The timing diagrams of FIGS. 8a, 8b and 8c show, respectively, the array triggering signal 34, the sensor triggering signals 35.1, 35.2, . . . , and the corresponding measuring signals 36.1, 36.2.

FIG. 9 shows a device according to the invention operating by transmission and including a sensor array. In this case, the source 1 includes three laser diodes 40, 41, 42 supplied with electric current by the link 43 and emitting light pulses at three different wavelengths λ1, λ2 and λ3. The laser diodes 40, 41, 42 are connected to the multiplexer 44 to allow transmission of the light pulses by the optical fiber 3 towards the sensors 4.1 to 4.n. The output of the sensors 4.1 to 4.n is connected to the analysis means 7 by the optical fiber 8, these analysis means including receivers 45, 46 and 47 connected to the fiber 8 through the demultiplexer 48.

Each sensor 4.1 to 4.n may be such as described in regard to FIG. 1b (including, in particular, individual sending elements 70 with delay lines 71 and individual receiving elements 72), and the sensor array is arranged between, on the one hand, an input distribution coupler 49 with delay lines 50.1 to 50.n and, on the other hand, an output mixing coupler 51 connected, by an optical fibre 52, to the optical fibre 8.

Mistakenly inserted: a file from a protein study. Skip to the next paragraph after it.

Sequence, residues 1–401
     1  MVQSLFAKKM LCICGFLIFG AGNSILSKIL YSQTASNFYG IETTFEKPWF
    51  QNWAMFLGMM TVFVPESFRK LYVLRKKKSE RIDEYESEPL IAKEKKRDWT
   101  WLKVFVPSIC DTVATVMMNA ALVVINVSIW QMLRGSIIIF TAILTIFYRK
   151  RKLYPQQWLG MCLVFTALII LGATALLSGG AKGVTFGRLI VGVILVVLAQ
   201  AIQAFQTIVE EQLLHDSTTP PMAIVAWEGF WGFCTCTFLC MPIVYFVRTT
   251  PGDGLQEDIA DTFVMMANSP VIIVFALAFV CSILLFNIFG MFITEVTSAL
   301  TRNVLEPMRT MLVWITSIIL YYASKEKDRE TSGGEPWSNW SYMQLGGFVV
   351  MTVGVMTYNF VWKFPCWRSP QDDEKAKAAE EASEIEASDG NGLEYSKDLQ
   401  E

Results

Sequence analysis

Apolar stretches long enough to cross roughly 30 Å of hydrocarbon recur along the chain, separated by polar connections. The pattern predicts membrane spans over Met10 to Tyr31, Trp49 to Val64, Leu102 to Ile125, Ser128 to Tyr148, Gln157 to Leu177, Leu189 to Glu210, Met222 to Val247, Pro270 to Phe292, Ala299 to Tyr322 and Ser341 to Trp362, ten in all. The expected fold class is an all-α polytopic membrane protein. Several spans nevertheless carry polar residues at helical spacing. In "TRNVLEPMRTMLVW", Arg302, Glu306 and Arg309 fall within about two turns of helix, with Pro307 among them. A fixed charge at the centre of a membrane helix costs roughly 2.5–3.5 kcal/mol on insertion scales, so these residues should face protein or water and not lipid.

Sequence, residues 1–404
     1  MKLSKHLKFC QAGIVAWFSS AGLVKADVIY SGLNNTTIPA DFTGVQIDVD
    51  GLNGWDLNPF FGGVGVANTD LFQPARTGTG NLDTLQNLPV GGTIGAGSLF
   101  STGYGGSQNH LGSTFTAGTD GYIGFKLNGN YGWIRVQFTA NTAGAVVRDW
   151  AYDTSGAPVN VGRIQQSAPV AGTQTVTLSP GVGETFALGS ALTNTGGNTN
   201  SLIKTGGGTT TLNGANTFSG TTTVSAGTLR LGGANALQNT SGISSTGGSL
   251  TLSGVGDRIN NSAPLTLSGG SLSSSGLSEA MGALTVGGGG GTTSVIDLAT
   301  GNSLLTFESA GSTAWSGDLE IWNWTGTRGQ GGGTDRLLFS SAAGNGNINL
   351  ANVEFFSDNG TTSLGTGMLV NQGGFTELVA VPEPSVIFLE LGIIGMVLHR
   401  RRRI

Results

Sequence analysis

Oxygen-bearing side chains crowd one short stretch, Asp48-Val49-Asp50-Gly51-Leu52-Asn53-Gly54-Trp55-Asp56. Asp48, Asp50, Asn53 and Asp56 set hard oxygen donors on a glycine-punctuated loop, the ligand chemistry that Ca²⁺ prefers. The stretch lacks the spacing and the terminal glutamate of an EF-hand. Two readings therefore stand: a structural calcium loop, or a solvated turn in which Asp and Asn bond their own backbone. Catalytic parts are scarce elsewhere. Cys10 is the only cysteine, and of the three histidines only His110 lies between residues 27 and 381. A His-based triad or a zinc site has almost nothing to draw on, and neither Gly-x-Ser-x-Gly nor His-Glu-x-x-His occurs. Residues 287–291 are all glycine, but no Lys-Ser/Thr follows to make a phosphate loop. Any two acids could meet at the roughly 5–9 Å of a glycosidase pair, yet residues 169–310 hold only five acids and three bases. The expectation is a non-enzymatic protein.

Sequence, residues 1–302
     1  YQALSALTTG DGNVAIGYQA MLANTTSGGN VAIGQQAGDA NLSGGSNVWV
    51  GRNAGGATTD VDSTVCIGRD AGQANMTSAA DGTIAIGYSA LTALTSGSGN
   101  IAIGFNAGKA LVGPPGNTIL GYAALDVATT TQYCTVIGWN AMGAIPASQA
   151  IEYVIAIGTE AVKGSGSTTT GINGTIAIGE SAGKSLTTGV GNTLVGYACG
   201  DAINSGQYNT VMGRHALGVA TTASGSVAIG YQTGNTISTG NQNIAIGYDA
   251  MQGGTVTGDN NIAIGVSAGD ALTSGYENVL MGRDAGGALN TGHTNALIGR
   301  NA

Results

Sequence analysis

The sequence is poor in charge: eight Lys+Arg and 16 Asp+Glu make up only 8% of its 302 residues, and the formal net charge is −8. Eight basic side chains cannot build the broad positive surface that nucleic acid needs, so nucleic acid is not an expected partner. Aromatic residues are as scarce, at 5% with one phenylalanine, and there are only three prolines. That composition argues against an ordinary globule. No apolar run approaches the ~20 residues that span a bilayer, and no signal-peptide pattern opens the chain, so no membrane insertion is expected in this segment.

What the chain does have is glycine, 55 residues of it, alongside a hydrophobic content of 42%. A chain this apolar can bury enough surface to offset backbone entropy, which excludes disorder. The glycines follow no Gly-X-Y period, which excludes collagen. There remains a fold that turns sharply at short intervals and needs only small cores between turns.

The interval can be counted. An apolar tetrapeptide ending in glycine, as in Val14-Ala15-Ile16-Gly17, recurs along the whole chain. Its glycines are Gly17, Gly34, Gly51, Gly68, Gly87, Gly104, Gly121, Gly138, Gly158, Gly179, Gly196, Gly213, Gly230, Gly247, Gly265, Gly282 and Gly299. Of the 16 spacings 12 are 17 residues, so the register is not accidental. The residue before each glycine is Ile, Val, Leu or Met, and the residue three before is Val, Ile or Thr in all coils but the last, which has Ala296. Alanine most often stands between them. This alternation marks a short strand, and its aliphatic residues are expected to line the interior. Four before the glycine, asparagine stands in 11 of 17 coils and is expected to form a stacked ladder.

Furthermore, there is provision for means for separating the pulses at the third wavelength (array triggering pulses) with respect to the pulses at the first two wavelengths (sensor triggering pulses and measuring pulses), consisting of means for diverting the pulses between the input of the distribution coupler 49 and the output of the mixing coupler 51 comprising, for example, a demultiplexer 53 at the input of the distribution coupler 49, an output of which delivers the pulses at the first two wavelengths to this coupler, and another output of which, delivering the pulses at the third wavelength λ3, is connected by an optical fiber 54 to an input of a multiplexer 55 receiving at another input the coded pulses (λ1,λ2) leaving the mixing coupler 51.